Forbes has released their ninth annual ranking of the best colleges and universities in the country in an effort to answer the question of whether higher education is worth the cost.
Caroline Howard writes for Forbes that at least for the 660 universities included on the list, higher education is worth the cost. The list is organized based on what students get out of their college experience rather than what helps to get students into college, such as high school class rank and SAT scores.
With college being one of the most significant financial decisions of a person's life, the magazine said as much information as possible should be offered on the topic. This includes things like the satisfaction level of undergraduates, how likely it is to graduate within four years, and job prospects.
Through a partnership with the Center for College Affordability and Productivity led by Richard Vedder, the magazine obtains their information directly from the Department of Education, Payscale, and the America's Leaders list.
Post-graduate success accounted for 32.5% of each institution's score. Payscale.com, the market leader in global compensation data, and the US Department of Education's College Scoreboard offered information on the topic, including self-reported salaries and tax records. In addition, schools where innovators and influencers such as Nobel Peace Prize and Pulitzer Prize winners received their degrees were also rewarded.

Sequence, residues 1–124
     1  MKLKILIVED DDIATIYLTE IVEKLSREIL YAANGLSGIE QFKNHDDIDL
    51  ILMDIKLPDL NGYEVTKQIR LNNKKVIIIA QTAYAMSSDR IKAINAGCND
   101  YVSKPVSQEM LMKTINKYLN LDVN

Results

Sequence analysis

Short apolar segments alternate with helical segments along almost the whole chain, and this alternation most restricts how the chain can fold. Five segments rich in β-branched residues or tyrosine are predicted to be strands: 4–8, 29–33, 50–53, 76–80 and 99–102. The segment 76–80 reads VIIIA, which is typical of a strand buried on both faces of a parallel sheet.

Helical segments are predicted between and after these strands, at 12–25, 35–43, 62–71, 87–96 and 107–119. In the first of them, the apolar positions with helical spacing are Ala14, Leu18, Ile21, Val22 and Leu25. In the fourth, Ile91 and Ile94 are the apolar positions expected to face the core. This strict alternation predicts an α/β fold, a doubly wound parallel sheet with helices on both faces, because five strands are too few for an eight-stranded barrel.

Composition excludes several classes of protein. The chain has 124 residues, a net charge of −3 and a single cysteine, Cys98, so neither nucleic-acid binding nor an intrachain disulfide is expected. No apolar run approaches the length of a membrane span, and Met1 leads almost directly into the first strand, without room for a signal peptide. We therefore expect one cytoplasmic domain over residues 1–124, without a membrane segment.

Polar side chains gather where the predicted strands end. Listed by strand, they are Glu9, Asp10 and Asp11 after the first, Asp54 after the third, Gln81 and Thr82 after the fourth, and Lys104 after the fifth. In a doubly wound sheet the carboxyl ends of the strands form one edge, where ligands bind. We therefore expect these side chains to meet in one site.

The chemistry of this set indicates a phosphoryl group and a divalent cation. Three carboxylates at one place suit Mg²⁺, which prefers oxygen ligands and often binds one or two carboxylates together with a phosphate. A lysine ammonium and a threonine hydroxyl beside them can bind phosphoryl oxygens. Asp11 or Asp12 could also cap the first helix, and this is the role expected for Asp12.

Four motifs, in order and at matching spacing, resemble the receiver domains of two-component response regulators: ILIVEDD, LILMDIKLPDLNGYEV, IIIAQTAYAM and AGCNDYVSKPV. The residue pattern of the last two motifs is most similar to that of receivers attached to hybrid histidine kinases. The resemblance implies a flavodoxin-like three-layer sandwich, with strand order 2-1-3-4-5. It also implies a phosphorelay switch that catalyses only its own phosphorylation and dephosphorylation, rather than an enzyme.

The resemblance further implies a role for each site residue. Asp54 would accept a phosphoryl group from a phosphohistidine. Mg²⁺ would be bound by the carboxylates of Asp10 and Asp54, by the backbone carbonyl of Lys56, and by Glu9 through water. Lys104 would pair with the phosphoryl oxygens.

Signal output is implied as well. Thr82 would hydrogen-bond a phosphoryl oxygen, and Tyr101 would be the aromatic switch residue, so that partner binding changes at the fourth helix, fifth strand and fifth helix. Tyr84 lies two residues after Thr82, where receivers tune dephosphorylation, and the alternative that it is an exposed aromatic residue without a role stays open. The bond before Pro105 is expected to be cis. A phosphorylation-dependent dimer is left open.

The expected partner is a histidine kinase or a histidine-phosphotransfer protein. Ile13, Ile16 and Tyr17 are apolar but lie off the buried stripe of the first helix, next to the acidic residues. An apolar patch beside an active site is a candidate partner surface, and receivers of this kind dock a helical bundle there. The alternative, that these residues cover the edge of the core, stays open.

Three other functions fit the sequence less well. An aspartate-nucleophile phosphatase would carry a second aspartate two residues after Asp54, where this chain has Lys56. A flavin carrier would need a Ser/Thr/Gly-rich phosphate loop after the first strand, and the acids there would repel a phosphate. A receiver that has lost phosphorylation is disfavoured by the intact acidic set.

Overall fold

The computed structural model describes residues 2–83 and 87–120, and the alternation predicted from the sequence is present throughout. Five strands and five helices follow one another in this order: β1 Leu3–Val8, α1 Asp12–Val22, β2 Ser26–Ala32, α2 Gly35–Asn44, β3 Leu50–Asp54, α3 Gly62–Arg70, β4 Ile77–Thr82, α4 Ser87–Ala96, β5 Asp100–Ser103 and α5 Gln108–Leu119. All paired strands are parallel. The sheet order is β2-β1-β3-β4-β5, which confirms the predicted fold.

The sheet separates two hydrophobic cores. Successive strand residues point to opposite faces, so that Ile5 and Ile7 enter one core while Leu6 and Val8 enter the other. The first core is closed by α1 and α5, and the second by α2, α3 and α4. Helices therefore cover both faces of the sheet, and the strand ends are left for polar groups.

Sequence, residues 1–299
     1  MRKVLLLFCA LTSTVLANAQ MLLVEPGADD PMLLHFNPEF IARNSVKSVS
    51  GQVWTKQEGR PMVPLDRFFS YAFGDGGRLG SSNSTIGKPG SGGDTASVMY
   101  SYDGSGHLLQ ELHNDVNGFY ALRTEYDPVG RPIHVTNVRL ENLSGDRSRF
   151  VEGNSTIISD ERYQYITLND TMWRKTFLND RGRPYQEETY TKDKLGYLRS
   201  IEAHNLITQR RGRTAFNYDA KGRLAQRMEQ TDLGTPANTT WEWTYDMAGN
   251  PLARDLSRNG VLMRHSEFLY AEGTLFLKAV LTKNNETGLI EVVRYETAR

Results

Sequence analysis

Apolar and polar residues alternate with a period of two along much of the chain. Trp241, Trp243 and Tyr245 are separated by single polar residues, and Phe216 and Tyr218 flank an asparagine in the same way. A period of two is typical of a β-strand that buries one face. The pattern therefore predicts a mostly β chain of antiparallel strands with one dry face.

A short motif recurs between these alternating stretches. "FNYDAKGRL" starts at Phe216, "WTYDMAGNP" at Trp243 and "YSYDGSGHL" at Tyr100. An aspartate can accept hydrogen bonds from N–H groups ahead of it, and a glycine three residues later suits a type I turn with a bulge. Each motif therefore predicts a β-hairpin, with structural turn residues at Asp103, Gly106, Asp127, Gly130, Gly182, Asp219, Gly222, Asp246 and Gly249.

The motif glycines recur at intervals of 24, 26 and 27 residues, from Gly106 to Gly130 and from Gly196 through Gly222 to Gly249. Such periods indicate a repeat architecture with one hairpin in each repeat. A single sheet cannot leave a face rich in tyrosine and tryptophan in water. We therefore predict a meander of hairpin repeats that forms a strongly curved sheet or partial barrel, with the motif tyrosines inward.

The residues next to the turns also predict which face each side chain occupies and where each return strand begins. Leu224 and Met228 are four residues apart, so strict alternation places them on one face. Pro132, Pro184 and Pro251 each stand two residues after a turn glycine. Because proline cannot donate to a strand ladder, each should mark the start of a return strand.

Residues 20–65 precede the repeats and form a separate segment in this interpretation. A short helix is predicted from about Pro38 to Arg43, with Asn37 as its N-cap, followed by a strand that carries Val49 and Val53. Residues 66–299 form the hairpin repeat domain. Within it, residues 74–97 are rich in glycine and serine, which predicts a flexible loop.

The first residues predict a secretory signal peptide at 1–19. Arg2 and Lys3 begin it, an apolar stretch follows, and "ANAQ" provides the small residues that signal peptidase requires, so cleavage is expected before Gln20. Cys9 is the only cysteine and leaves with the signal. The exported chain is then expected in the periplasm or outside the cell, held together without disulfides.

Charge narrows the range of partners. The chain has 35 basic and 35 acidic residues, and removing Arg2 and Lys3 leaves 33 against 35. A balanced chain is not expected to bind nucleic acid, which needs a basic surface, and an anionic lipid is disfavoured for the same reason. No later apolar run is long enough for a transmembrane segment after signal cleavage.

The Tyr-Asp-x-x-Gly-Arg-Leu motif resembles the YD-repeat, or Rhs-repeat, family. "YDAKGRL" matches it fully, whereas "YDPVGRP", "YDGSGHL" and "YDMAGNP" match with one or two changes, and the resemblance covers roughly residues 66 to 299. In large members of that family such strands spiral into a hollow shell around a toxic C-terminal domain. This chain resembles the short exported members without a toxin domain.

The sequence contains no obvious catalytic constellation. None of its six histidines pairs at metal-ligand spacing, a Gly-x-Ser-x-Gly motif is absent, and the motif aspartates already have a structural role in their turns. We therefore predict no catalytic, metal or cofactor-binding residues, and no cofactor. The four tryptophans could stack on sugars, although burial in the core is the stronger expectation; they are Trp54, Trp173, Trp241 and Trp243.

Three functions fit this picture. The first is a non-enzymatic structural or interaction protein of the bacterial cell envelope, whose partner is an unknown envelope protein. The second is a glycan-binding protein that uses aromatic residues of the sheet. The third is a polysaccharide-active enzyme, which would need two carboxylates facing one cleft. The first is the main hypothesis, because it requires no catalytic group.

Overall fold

Meanwhile, 25% of each score went toward student debt. As students and their families are borrowing more in an effort to cover the rising cost of tuition, close to 43 million Americans hold a total of $1.3 trillion in debt as of 2016. The number of borrowers increased by 93% between 2004 and 2014, with the average balance rising by 74% in the same time period. The average balance held by each borrower is currently ~$27,000.
Three components of student debt are considered for the list, including average federal student loan debt load, student loan default rates, and predicted percentage of students who will take out loans in comparison to the actual percentage. By looking at these three attributes, the magazines states that it can give an accurate picture of how affordable particular schools are, as well as how easy it is for graduates to repay their student loan debt.
Student satisfaction is also considered and accounts for 25% of the total score. In particular, the magazine looks at how many students are transferring out of the school while anayzing both actual and predicted freshmen-to-sophomore retention rates. Student evaluations listed on RateMyProfessors.com are also taken into consideration. The site offers more than 15 million ratings of close to 1.4 million professors.
A school's graduation rate accounts for 7.5%, while the academic success of its students counts for 10%.
While schools like Stanford, which holds the top position on the list, and Princeton, ranked number three, take the high spots, it is spot number 59 — Harvey Mudd College — that holds the title of highest earning college. Graduates from the school in the middle of their career earn an average salary of $133,000. According to Harvey Mudd Director of Admission Peter Osgood, the answer is embedded in how the school and its students approach learning.
"Our core curriculum ensures that students see between disciplines, and that's a really valuable skill," Osgood says. "Our graduates are trained to anticipate connections, and frankly, it's where most innovation occurs, on the borders between disciplines."